5. Staying connected with others: On a related note, working from home and not seeing colleagues every day leaves some people feeling isolated. But it doesn’t have to be that way. Even in the age of Zoom meetings, I still plan in-person meetings with partners and clients all the time.

Based on your experience, what can one do to address or redress each of those challenges? Can you give a story or example for each?

If the work you do at home is just a side gig or a hobby, so be it. But if you want it to be your career, then you need to treat it as if your livelihood depends on it. This means you need to set aside a dedicated space to serve as your office. You also need to invest in the same tools and technology other businesses in your industry use to compete against you. When we finished the basement in our “forever home,” we carved out a state-of-the-art office away from everything else — set apart from the kids’ playroom with not one but two sets of French doors — and furnished it comfortably (for all the hours I spend in it!). When I’m in my office, I’m there to work. And likewise, even though my office is still in my home, when I’m finished at the end of the day it’s far enough away to keep me from wandering in and overworking (as they say, out of sight, out of mind!).

Let’s talk about Career Development. Can you share a few ideas about how you can nurture and advance your career when you are working from home and away from other colleagues?

Just because you work from home doesn’t mean you work alone! This is a common misperception people have. Every day I meet with people (colleagues, clients, friends, etc.) in person and on Zoom, no differently than I would if I worked in a traditional office. I persistently tell my students that one of the best ways to advance their careers is to grow their personal networks — after all, the more people they know, the more doors they have to open — and working from home should not impact a person’s ability to meet new people. If you feel like you’re struggling to meet people, then get out of the house. Go to a seminar, networking event, or trade show. Volunteer to help small businesses in your community or a non-profit organization. Everyone you meet becomes part of your personal network, and when the time comes for you to take the next step all of those people will be rooting for (and potentially helping) you.

Can you share a few ideas about how employers or managers can help their team with career development?

I believe everyone should have a passion project (or multiple passion projects) related to their careers. These aren’t jobs you’re doing to generate revenue; instead you’re doing them to inspire you. Managers should encourage employees to pursue their own passion projects. The satisfaction and joy humans get from working on their passion projects renews their purpose and fills them with energy.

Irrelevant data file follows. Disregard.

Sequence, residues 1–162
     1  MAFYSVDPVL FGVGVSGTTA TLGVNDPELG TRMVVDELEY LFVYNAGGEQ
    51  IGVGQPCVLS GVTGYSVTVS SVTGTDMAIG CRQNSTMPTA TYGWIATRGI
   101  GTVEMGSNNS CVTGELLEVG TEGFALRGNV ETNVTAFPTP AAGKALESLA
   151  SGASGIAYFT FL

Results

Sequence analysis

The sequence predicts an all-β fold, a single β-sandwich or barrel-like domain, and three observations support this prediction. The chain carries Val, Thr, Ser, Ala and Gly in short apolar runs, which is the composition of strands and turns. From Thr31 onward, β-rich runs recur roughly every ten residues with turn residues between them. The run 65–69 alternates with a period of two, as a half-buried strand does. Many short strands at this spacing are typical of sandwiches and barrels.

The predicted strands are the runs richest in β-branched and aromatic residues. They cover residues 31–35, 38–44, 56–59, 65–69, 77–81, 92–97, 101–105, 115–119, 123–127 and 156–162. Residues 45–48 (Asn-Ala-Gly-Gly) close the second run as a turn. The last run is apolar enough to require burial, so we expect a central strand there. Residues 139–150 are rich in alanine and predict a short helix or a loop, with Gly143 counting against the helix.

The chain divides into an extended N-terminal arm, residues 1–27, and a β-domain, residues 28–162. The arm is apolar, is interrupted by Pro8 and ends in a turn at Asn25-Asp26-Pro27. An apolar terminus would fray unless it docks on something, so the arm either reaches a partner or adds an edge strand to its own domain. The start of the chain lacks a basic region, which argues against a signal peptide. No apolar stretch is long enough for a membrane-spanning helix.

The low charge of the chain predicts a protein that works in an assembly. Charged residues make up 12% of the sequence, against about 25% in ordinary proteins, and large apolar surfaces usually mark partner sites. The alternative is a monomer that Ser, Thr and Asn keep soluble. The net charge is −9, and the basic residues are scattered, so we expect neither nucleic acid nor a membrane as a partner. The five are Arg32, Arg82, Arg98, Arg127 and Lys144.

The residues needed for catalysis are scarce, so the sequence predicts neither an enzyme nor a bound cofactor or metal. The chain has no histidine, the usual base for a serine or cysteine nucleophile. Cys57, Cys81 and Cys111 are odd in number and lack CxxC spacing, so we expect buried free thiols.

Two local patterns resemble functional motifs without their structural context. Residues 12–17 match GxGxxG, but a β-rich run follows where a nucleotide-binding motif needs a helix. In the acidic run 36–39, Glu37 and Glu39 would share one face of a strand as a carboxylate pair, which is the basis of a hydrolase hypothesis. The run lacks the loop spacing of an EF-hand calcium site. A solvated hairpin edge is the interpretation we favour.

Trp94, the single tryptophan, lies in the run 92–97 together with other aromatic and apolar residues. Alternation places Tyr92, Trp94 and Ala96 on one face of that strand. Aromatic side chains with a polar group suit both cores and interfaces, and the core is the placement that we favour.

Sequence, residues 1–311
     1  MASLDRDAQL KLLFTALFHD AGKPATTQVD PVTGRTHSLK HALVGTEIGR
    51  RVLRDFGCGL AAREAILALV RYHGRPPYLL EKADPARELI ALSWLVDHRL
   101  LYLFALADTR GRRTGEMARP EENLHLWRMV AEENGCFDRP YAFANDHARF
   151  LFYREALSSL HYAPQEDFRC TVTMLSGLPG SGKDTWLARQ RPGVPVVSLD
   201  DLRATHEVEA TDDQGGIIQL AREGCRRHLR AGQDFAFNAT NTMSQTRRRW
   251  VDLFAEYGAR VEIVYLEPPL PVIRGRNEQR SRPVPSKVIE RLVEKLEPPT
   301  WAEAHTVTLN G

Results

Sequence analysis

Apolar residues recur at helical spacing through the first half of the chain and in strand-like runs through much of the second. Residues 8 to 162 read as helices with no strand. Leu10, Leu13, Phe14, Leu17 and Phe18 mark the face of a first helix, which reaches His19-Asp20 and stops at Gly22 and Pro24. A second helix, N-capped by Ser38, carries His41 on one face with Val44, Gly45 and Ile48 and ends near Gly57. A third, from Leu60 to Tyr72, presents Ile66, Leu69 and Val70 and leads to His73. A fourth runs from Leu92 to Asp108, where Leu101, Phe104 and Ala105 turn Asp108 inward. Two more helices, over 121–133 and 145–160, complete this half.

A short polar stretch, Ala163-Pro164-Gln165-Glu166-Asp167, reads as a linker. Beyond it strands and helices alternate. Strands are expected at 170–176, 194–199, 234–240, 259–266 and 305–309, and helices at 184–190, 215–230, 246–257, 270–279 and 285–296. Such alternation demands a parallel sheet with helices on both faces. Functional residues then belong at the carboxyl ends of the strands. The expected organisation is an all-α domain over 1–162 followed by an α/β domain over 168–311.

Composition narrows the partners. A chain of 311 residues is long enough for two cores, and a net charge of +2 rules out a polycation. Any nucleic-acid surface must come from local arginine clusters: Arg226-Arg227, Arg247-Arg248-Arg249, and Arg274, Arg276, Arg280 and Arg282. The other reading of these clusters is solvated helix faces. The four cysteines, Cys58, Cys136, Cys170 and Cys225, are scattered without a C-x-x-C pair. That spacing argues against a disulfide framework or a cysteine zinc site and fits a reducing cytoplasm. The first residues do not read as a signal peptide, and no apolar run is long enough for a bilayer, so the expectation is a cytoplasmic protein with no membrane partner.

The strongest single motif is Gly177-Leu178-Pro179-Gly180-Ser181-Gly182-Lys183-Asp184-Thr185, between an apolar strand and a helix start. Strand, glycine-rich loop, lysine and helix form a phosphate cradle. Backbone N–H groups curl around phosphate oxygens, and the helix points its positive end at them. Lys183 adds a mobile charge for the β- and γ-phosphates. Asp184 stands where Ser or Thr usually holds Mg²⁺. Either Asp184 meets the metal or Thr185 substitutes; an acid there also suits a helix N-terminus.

You are a person of great influence. If you could inspire a movement that would bring the most amount of good to the most amount of people, what would that be? You never know what your idea can trigger. :-)

I would echo the words of Ferris Bueller, and make sure everyone stops to look around once in a while. In the blink of an eye my firm, atCommunications, celebrated it’s tenth anniversary in 2009. I blinked again, and now it’s 2022 and we’re celebrating 23 years. Advancing a career, managing a business, these are not easy things to do. But they shouldn’t be all-encompassing. I’m more than two decades into my career and I still love what I do now as much as I did when I started. I believe that’s due in large part to the fact that I don’t resent my job like some people do — I never allowed it to keep me from the things I really love, pursuing my own hobbies and passions, and being with my family.

How can our readers further follow your work online?

Let’s grow our personal networks together! Connect with me on LinkedIn and let me know you read this interview. Also, follow my firm on Facebook (@atCommunications), Instagram (@atCommLLC), and Twitter (@atCommLLC) to see the work we’ve done, the work we’re doing, and the things that interest us. I also love sharing on these accounts some of the amazing work my students do in the entrepreneurship class I teach at the University of Illinois. Every semester they out-do themselves!

Thank you for these great insights! We wish you continued success.

You’re welcome! Thank you so much for this opportunity!

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In-depth Interviews with Authorities in Business, Pop Culture, Wellness, Social Impact, and Tech. We use interviews to draw out stories that are both empowering and actionable.

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David Liu

David Liu

David is the founder and CEO of Deltapath, a unified communications company that liberates organizations from the barriers of effective communication